Over 100 council and housing association estates across London are under threat of demolition. Our research shows where they are.

Church Street Area

Number of homes under threat: 400

Landlord: Westminster Council

Independent Resident Advisor: PPCR

Planning Status: Pending

400 homes on three estates in Westminster’s Church Street Area are under threat of demolition.

Church street Area is located in Maida Vale, situated beside the Regent’s Canal and in close proximity of Regent’s Park. It was designated as being situated within a Housing Renewal zone in Westminster’s draft 2019-2040 Local Plan.

It is also within the boundary of the Edgeware Road Housing Zone, one of 30 special housing zones designated by the Mayor to deliver accelerated housing development. The Edgeware Road zone is expected to deliver 1700 new homes of which this site will provide 1167.

Residents of Westminster’s Church street estate were balloted in 2013, with 87% of eligible residents voting in favour of redevelopment - albeit only 25% of residents turned out for the vote.

The scheme underlying the ballot was then shelved in 2015 a new masterplan was drawn up. In 2018, Westminster Council announced that it would be holding any more ballots for further phases of the scheme. This was met by protest from the Mayor who threatened to withdraw £23m of funding. As with its other schemes like the Ebury Bridge estate, Westminster is now proceeding without Mayoral funding in order to avoid having to ballot residents.

Its December 2021 planning application documents give the following explanation for not balloting residents:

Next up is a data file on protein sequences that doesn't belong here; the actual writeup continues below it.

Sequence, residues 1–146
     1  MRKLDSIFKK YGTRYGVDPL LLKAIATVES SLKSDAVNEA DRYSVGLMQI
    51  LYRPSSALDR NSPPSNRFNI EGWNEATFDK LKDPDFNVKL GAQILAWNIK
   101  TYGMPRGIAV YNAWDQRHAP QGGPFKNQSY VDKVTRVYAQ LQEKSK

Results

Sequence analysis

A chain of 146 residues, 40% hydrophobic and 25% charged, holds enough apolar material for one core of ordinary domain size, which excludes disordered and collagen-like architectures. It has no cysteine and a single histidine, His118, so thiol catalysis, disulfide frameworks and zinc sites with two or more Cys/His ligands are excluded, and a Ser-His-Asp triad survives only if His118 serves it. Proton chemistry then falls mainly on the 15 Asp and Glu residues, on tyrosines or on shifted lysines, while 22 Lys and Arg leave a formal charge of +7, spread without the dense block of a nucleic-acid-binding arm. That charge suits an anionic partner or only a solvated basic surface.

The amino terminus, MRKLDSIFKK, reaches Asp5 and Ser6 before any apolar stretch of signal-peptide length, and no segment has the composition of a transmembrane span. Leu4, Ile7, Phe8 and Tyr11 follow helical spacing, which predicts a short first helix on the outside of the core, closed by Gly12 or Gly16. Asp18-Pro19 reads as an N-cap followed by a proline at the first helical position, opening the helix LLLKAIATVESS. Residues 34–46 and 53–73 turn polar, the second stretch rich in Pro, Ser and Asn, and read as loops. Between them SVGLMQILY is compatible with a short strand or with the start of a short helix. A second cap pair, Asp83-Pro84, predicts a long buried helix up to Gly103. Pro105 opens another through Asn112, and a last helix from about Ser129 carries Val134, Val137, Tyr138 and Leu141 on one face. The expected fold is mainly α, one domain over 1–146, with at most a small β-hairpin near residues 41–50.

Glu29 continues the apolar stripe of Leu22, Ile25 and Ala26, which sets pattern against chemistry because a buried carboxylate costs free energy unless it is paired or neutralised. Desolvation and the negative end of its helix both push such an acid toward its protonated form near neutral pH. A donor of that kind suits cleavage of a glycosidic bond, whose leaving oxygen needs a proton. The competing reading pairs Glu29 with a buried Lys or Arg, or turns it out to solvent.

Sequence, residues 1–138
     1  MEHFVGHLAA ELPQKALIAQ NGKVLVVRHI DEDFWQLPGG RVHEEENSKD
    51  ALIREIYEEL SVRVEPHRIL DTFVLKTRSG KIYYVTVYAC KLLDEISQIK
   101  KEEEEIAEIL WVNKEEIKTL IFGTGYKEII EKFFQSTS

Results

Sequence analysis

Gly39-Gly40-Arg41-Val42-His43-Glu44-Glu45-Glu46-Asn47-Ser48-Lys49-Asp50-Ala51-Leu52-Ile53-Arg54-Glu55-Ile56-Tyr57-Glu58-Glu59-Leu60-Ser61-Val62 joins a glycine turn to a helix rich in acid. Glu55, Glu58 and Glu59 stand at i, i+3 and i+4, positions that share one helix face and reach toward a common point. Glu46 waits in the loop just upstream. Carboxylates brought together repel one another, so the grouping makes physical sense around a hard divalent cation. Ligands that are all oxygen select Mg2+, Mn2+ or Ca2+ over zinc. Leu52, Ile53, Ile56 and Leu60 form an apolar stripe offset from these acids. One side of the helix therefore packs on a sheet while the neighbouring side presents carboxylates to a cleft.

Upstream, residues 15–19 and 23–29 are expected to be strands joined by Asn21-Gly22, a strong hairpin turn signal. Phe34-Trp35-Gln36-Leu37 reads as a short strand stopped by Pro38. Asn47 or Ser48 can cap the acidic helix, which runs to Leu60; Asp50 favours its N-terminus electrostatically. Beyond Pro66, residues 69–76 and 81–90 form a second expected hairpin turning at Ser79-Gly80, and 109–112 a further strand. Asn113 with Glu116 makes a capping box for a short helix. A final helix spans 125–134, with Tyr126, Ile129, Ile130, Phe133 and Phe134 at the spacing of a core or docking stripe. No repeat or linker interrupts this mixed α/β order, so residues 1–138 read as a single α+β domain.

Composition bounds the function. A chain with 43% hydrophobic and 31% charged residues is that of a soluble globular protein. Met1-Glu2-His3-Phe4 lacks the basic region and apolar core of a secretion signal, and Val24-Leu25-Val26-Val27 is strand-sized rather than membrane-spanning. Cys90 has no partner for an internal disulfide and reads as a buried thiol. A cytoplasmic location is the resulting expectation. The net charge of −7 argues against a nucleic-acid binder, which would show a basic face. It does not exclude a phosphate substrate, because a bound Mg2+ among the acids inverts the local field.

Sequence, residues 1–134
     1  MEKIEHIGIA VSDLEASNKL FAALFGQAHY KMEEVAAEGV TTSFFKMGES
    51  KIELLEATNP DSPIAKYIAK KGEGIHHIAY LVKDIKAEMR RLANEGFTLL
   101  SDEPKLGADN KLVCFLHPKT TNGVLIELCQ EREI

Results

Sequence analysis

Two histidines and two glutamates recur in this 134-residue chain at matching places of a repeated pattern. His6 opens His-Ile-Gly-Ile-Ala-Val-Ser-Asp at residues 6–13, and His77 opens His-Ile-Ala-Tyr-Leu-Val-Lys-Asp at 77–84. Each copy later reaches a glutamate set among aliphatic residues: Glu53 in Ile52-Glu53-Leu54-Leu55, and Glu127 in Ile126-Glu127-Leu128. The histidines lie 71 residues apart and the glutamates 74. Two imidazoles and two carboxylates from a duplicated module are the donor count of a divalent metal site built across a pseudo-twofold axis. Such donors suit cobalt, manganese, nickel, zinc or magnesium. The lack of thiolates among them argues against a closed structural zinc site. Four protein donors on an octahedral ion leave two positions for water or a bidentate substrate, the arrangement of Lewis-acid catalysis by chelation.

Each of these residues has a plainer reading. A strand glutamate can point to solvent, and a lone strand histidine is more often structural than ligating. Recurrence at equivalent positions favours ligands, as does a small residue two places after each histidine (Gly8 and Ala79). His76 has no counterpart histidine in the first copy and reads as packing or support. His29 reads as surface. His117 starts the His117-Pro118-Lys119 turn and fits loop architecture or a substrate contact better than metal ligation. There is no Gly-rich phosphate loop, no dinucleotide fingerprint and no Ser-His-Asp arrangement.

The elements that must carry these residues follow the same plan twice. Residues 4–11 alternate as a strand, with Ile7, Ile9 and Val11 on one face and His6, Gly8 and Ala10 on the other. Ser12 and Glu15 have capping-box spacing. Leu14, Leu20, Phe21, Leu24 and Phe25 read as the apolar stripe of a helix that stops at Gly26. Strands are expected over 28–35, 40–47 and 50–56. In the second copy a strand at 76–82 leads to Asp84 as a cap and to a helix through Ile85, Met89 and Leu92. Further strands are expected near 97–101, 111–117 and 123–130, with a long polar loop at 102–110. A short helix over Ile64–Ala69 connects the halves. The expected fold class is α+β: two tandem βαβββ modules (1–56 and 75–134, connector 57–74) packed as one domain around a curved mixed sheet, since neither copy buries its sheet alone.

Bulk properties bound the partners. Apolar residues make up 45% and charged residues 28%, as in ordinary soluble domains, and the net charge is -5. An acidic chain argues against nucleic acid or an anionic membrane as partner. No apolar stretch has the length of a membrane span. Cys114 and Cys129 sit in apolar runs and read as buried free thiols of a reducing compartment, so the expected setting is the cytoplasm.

Extract from the Council's Regeneration Statement

It is entirely within the Mayor’s powers to call in this planning application for its failure to seek Mayoral funding. The requirement to seek grant funding is included both in Policy 3.12 of the London Plan (Section A, subsection [g]) and the Mayor’s estate regeneration guidance:

“The council or housing association should seek gap funding. The Greater London Authority (GLA) has affordable housing grant funding that can be used for this purpose, though when considering applications the Mayor must be confident that all options for funding the scheme without grant, such as other landlord resources and optimising the density of a proposed scheme, have been fully explored.” (page 16)

Whether the Mayor will take action or turn a blind eye to Westminster’s dupery remains to be seen. Note that when it came to Westminster playing the same trick with the Ebury Bridge estate, the Mayor turned a blind eye.

The 400 homes under threat are located in what has been labelled sites A, B and C:

In February 2021, Westminster Council came under fire after it was reported that retailers had been served with notices to quit in the next phase of the Council’s redevelopment of the Church Street area estates.

Westminster’s policy for leaseholder re-housing requires leaseholders to take out a new mortgage if they want to take up the Council’s shared equity offer on a new home being built as part of the scheme.

Links: Westminster Council has a dedicated website for the Church Street regeneration.

Pre-application consultation booklet

Resident consulation report

Planning application documents, ref:021/08160/COOUT

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